Guest Editorial |

Guest Editorial

Earlier this year I went to my precinct to vote in the local school board elections. I have owned my primary residence and held this physical address in Summit County since 1997. I have voted in local, regional and national elections alike without issue until this year.

When I arrived at my long-time voting location in Kamas, I was told there was a problem: I was not on the list. The presiding official called the county clerk’s office while I waited, and talked at length with someone responsible for handling these issues on Election Day.

After taking a half hour out of my day to vote, I waited almost another half hour while the two election officials discussed where I should be voting here, or in Oakley. The verdict, finally, was that I should be voting in Oakley. Unfortunately, I did not have the time to vote in Oakley, and so inadvertently I was disenfranchised.

I assumed, however, that because they had told me where to go vote, the problem was identified and would be resolved. Early this past week, I called the Summit County clerk’s office and asked where I could vote early. They located me in their system, then told me my early voting locations: the Richins building or The Park City Library building.

I rearranged my priorities Wednesday morning, the 29th of October, when normally I would be working in Salt Lake City, to await the opening of early voting polls at 10 a.m. I waited half an hour in line to check in at the desk. When I got there, they could not find me in their system.

When they called the county clerk’s office, I was located immediately. Apparently, however, they had not fixed the problem so that I could vote early by normal ballot. Instead, I would have to vote by provisional ballot.

You may remember that provisional ballots are one of a host of contentious election issues left over from the last two presidential elections. While Summit County may have an excellent record of provisional ballot counting and low disqualification, I preferred and believe I have the right to vote by normal ballot.

I was handed the phone at the polling place and talked with a person in the county clerk’s office. He asked if I had voted in the school board election where the issue originated. I had not. His response was that they needed me to vote then in order to create a paper trail so they could fix the problem.

He put his senior person on the phone. Loni Vernon explained that early in the year the office switched to confirming by Global Positioning System (GPS) identification of registered voter physical addresses. Thirty-seven addressees remained with known unresolved issues as of Wednesday morning, she said.

Loni apologized for my frustration, and explained that they could probably get the issue resolved by later in the week and I could vote early then.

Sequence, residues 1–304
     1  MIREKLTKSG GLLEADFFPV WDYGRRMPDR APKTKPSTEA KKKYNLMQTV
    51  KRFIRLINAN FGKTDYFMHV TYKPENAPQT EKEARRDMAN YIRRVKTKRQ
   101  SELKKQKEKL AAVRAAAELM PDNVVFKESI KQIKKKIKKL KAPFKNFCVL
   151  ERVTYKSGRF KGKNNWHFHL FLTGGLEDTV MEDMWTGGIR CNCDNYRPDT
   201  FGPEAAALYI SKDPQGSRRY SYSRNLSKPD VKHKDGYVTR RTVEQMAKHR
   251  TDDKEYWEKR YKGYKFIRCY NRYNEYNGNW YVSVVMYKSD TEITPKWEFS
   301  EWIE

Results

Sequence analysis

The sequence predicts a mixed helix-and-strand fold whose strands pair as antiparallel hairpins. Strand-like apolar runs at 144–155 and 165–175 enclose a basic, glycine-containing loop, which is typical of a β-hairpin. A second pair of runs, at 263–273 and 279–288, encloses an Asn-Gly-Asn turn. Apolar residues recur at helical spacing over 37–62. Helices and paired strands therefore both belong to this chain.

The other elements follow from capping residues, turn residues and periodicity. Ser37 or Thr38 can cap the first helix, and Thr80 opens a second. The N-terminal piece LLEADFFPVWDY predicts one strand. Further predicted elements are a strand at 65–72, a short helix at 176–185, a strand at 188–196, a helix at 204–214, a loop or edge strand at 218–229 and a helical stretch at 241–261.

Here is the problem. I went to vote in the school board elections, and the problem was identified, phoned in, and discussed at length, while I waited.

Why was a phone call from the Kamas polling official during the earlier school board elections not enough to resolve the problem? The claim that the organization needed a paper trail wouldn’t fly in most customer-service situations.

The difference between customer service in most organizations and the right to vote is this: elections come only so often, and once they are over, if you have been discouraged or prevented from voting, however inadvertent, you are out of luck. This means it is incumbent on the county clerk’s office and other officials in the chain to have their priorities straight. The problem as I see it is that internal organizational goals and defensive organizational thinking may be contributing to disenfranchisement in national and local elections this year, and this is simply not acceptable.

In an organization that serves the voting public, if voting is a privilege, then all the unconscious behaviors and attitudes will tend to be organized around concepts relating to privilege: earning the privilege, demonstrating how far you will go to show you deserve the privilege. In a democracy where voting is a right, the organization is beholden to assure that the highest possible degree of enfranchisement is available to all. Defensiveness necessarily is off-putting and has no place in serving the public at times of a national election.

The first priority for our county clerk’s office during voting time is service to all its citizens, and vigilant awareness for circumstances that may inadvertently disenfranchise. Steps should be taken to insure beyond a shadow of a doubt that defensiveness, additional waiting times, haggling, change of polling place or access to normalized voting and other forms of off-putting behavior do not interfere with the right for every citizen to vote.

If 37 issues are known in this county of 27,301 registered voters, how many issues exist in other counties across the state, or nation? Are these simply acceptable losses?

I will call the county clerk’s office to certify that my new polling place is now Peoa. I will go to Peoa to vote on November 4. I will deliver a personal letter to Ken Jones discussing the problems I have identified. I encourage you all to remain vigilant on behalf of one another as well, that we may protect one another’s rights, and remind one another of our responsibilities in this community, and our community at large.

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